New USDA Baby Nutrition Advice

baby nutrition

The new national nutrition guidelines include recommendations for babies from birth to 24 months for the first time. The U.S. Departments of Agriculture and Health and Human Services (USDA-HHS) will be presenting this baby nutrition guidance along with other updated recommendations by the end of the year.

Research increasingly shows that babies’ eating habits in their first two years influence not only their health and development, but also their eating habits throughout their lives.

The prevalence of childhood obesity is a factor in the recommendations being developed. 


The guidelines recommend breast milk for the first six months and encourage breastfeeding for the baby’s first year of life. If breastfeeding is not possible, babies should have infant formula. 

There is evidence that breastfeeding reduces the chances of obesity, diabetes, and asthma later in life.

Solid foods

The guidelines suggest introducing solid foods at six months. They recommend a wide variety of foods:

  • fruit
  • vegetables
  • whole grains
  • lean meat
  • poultry
  • seafood
  • beans
  • lentils
  • soy foods
  • eggs
  • dairy
  • ground nuts and seeds
  • nut butters
  • healthy oils

Introducing peanut butter and eggs early will reduce the chances of allergies later in life.

In a point which may be controversial, the scientific report holds that vegan diets are not nutritionally adequate for infants. However, they discuss ovo-lacto diets for babies.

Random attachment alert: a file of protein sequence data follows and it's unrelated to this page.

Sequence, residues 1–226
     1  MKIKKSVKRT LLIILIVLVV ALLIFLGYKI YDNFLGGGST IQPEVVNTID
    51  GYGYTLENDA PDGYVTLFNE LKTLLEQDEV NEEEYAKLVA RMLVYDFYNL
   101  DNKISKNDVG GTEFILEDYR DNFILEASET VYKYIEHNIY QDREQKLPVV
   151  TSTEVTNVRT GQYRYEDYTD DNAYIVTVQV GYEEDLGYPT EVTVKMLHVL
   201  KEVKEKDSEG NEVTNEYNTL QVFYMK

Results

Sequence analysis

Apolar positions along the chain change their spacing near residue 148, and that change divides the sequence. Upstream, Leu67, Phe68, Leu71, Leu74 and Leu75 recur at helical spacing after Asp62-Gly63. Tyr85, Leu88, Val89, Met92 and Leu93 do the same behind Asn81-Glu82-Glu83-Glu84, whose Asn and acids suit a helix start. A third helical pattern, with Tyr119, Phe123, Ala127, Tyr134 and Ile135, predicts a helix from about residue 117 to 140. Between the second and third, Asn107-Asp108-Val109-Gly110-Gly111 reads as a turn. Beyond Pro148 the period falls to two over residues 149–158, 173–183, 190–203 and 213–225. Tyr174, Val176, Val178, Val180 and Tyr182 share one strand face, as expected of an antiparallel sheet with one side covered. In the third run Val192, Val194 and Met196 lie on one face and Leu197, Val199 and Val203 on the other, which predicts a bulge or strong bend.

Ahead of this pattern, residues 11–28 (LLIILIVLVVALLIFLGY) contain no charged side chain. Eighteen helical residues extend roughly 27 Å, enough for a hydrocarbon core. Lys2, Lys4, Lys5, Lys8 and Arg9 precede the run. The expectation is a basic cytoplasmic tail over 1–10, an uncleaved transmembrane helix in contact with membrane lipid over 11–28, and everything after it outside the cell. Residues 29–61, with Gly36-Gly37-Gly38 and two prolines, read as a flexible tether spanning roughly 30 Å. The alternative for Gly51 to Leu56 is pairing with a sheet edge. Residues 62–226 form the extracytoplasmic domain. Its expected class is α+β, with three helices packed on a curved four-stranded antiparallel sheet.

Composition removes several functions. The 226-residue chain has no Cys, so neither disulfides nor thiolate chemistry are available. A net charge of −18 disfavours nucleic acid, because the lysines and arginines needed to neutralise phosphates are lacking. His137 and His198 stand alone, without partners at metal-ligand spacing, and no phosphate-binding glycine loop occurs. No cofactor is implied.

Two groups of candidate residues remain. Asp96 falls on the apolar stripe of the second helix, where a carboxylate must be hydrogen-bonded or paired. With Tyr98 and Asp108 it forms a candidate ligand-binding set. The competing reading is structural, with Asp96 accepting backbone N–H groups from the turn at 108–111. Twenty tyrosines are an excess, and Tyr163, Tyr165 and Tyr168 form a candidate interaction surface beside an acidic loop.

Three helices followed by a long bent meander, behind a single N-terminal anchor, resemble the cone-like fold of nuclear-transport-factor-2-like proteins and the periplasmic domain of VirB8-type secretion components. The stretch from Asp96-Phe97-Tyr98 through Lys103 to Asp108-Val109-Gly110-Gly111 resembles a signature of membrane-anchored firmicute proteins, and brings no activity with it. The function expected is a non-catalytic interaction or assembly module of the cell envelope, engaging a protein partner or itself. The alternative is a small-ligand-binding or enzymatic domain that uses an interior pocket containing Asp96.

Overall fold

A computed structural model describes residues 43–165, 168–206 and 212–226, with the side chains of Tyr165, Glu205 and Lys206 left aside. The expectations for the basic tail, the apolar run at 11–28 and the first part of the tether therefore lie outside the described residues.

Babies should have no added sugar from birth to two years. The concern is that calories from sugar, which have no nutritional value, can take the place of nutritious foods.

There is also evidence that babies can get in the habit of preferring unnaturally sweet foods. Developing these habits at an early age can lead to obesity in later life.

For this reason, fruit juice is not routinely recommended up to the age of one, and should be restricted to half a cup per day from age one to three. This helps kids avoid the habit of relying on sweet drinks instead of water for hydration.

A 2019 study found that 60% of babies under one year ate added sugars. Yogurt and baby snacks were the top sources of these sugars, followed by sweet baked goods such as cookies.

Big changes?

The new recommendations probably aren’t very different from the advice your pediatrician gives you. However, they are different from typical food choices in the United States.

The USDA hopes that the new guidelines will help to reduce chronic diseases by encouraging healthier eating habits from the beginning.